With regards this historical nature of human conscious, as a contemporary analysis of voice hearing and psychosis, then we have to deal with the existence in this ‘external world of signs’ of machines, at least since the advent of the Industrial Revolution and their relation to the development of capitalism, and this capitalism’s relation to consciousness-for-myself and its relation to the formation of subjectivity.
In the book Anti-Oedipus, Deleuze and Guattari discuss their understanding of ‘machines’, they claim that “a machine may be defined as a system of interruptions or breaks (coupures). These breaks should in no way be considered as a separation from reality; rather, they operate along lines that vary according to whatever aspect of them we are considering. Every machine in the first place, is related to a continual material flow (hyle) that it cuts into.” (p.36). This theory of machines is related to Melanie Klein’s theory of partial objects, but is a more cybernetic variation, so it focuses on the flow between the connections, and the role of those connections in starting or stopping the flow of material (hyle) such as water in a hydraulic system, or say sense data in the body. This is related to the ‘body without organs’ (“eyes closed tight, nostrils pinched shut, ears stopped up” (p.37-38)) which with regards the child relates to a regression to the womb, although as such is still a ‘machine’ as foetuses are connected up to the flow of the mother’s body via the placenta. However with regards hyle such as ‘sense data’ we start getting an idea of their attempt to describe the workings of the unconscious and its relation to physiological flows, connections and disconnections. “Far from being the opposite of continuity, the break or interruption conditions this continuity: it presupposes or defines what it cuts into as an ideal continuity. This is because… every machine is a machine of a machine. The machine produces an interruption of the flow insofar as it is connected to another machine that supposedly produces this flow. And doubtless this second machine in turn is really an interruption or break, too. But it is such only in relationship to a third machine that ideally – that is to say, relatively – produces a continuous, infinite flux… In a word, every machine functions as a break in the flow in relation to the machine to which it is connected, but at the same time is also a flow itself, or the production of a flow, in relation to the machine connected to it. That is why, at the limit point of all the transverse or transfinite connections, the partial object and the continuous flux, the interruption and the connection, fuse into one: everywhere there are breaks-flows out of which desire wells up, thereby constituting its productivity and continually grafting the process of production onto the product.” (p.36-37).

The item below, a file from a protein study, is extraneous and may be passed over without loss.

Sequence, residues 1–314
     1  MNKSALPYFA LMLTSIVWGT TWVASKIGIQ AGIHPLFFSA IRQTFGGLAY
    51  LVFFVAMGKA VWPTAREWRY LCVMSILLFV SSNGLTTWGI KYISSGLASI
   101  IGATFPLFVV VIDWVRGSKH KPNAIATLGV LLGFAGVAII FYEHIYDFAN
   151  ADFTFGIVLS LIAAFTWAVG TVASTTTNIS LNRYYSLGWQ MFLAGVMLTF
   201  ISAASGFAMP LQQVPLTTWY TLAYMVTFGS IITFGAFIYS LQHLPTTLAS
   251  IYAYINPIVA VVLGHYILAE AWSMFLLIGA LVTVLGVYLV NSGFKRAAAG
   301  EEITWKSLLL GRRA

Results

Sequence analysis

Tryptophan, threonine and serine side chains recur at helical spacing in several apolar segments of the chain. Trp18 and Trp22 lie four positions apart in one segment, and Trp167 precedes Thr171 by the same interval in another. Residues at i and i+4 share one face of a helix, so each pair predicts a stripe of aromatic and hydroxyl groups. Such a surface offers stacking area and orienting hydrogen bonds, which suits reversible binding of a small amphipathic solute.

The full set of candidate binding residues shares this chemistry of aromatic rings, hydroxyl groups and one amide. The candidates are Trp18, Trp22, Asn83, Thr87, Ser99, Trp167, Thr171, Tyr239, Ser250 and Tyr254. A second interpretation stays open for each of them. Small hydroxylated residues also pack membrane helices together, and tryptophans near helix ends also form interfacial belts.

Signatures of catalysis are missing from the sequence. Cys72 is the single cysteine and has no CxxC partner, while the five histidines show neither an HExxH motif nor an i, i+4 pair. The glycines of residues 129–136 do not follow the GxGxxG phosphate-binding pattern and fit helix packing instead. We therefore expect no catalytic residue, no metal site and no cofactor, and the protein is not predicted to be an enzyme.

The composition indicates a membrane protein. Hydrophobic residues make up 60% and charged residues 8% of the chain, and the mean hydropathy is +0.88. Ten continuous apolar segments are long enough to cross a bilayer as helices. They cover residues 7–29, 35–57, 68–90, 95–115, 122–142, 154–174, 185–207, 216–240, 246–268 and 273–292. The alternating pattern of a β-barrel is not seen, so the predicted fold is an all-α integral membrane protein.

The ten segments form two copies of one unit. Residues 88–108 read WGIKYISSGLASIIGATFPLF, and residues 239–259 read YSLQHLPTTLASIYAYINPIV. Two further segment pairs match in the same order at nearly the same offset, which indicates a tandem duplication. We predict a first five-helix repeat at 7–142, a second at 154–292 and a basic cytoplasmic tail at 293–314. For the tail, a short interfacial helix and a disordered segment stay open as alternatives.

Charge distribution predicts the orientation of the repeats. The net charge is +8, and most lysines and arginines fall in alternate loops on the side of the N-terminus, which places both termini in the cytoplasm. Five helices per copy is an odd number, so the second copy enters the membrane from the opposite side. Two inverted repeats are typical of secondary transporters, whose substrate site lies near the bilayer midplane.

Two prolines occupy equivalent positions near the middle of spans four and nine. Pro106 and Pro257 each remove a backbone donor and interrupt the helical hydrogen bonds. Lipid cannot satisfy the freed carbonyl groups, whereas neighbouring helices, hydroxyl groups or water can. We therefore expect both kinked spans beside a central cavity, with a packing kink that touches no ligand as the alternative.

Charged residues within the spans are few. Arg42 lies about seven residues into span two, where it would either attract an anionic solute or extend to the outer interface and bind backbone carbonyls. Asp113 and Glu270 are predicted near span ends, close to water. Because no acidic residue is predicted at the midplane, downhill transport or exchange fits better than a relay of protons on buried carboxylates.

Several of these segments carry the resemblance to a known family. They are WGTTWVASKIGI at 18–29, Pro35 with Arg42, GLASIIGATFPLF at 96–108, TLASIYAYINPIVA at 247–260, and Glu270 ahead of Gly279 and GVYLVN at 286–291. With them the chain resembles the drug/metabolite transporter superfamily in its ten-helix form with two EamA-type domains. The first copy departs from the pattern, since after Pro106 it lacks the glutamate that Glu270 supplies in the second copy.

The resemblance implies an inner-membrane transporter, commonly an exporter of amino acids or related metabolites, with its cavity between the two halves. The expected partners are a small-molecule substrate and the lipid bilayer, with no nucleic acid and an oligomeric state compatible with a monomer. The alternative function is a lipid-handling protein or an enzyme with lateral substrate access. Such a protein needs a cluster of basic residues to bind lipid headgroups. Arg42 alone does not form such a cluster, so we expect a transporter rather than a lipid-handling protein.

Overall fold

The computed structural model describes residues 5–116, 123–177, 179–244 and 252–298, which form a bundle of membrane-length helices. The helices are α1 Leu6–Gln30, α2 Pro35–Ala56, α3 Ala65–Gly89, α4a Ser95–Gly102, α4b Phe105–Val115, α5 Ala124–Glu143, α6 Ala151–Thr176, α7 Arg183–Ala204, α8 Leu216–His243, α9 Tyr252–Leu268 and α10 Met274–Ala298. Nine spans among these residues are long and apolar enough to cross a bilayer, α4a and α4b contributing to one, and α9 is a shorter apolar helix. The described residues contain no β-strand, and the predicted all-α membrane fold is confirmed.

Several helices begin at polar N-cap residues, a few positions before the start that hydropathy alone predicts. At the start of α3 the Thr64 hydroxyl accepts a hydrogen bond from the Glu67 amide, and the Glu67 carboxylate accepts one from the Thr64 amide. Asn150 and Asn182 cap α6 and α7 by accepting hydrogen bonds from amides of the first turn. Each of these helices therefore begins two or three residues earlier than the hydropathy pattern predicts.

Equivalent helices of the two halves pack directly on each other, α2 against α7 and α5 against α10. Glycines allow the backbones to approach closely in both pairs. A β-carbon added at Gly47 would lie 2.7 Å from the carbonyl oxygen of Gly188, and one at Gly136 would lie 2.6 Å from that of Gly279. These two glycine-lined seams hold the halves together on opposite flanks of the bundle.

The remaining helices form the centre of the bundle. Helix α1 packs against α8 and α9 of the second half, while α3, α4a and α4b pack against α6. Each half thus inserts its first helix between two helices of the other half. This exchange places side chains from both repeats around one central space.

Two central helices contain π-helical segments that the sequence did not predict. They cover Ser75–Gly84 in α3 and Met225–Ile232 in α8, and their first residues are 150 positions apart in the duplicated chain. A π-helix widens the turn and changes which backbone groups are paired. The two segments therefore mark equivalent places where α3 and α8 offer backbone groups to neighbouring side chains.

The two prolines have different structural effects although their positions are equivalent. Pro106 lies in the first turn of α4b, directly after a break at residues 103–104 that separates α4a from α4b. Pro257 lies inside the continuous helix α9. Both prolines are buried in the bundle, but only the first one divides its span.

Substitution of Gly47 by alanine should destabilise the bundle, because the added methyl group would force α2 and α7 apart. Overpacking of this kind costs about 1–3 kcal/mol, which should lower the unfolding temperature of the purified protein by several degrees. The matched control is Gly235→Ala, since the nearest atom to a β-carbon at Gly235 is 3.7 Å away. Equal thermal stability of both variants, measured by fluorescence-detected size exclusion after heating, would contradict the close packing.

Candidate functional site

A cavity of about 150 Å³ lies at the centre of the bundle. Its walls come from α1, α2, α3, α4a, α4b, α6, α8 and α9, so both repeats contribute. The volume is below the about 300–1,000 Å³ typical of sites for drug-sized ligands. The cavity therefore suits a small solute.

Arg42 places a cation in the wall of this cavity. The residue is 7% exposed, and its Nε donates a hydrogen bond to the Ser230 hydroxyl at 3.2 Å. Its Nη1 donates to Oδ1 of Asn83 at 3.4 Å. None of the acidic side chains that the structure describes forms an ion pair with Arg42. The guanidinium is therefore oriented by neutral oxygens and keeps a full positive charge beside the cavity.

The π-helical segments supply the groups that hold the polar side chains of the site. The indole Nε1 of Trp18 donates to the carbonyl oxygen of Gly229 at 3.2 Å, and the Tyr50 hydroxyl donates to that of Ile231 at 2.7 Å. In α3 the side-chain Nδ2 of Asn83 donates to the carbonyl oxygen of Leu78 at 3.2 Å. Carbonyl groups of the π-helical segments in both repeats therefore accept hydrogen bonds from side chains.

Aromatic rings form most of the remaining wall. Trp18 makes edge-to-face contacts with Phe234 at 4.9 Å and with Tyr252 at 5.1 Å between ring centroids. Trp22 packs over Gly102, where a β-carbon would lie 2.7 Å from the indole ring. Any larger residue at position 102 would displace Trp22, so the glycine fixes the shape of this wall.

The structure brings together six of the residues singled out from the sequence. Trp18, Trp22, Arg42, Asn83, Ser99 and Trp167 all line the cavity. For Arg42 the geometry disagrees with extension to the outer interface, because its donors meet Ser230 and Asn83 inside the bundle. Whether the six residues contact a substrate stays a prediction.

As implied in the title, this series of articles are leading up to a coding problem known as the Byzantine General Problem, this coding problem is a problem of message transmission, or communication, we will get to that in a few more articles, but in the meantime here is Deleuze and Guattari on this issue, “every machine has a sort of code built into it, stored up inside of it. The code is inseparable not only from the way in which it is recorded and transmitted to each of the different regions of the body, but also from the way in which the relations of each of the regions with all the others are recorded. An organ may have connections that associate it with several different flows; it may waver between several functions, and even take on the regime of another organ… All sorts of functional questions thus arise: what flow to break? Where to interrupt it? How and by what means? What place should be left for other producers or antiproducers?… The data, the bits of information recorded, and their transmission form a grid of disjunctions of a type that differs from the previous connections. We owe to Jacques Lacan the discovery of this fertile domain of a code of the unconscious, incorporating the entire chain – or several chains – of meaning.” (p.38).

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image: detail of installation by Bronwyn Lace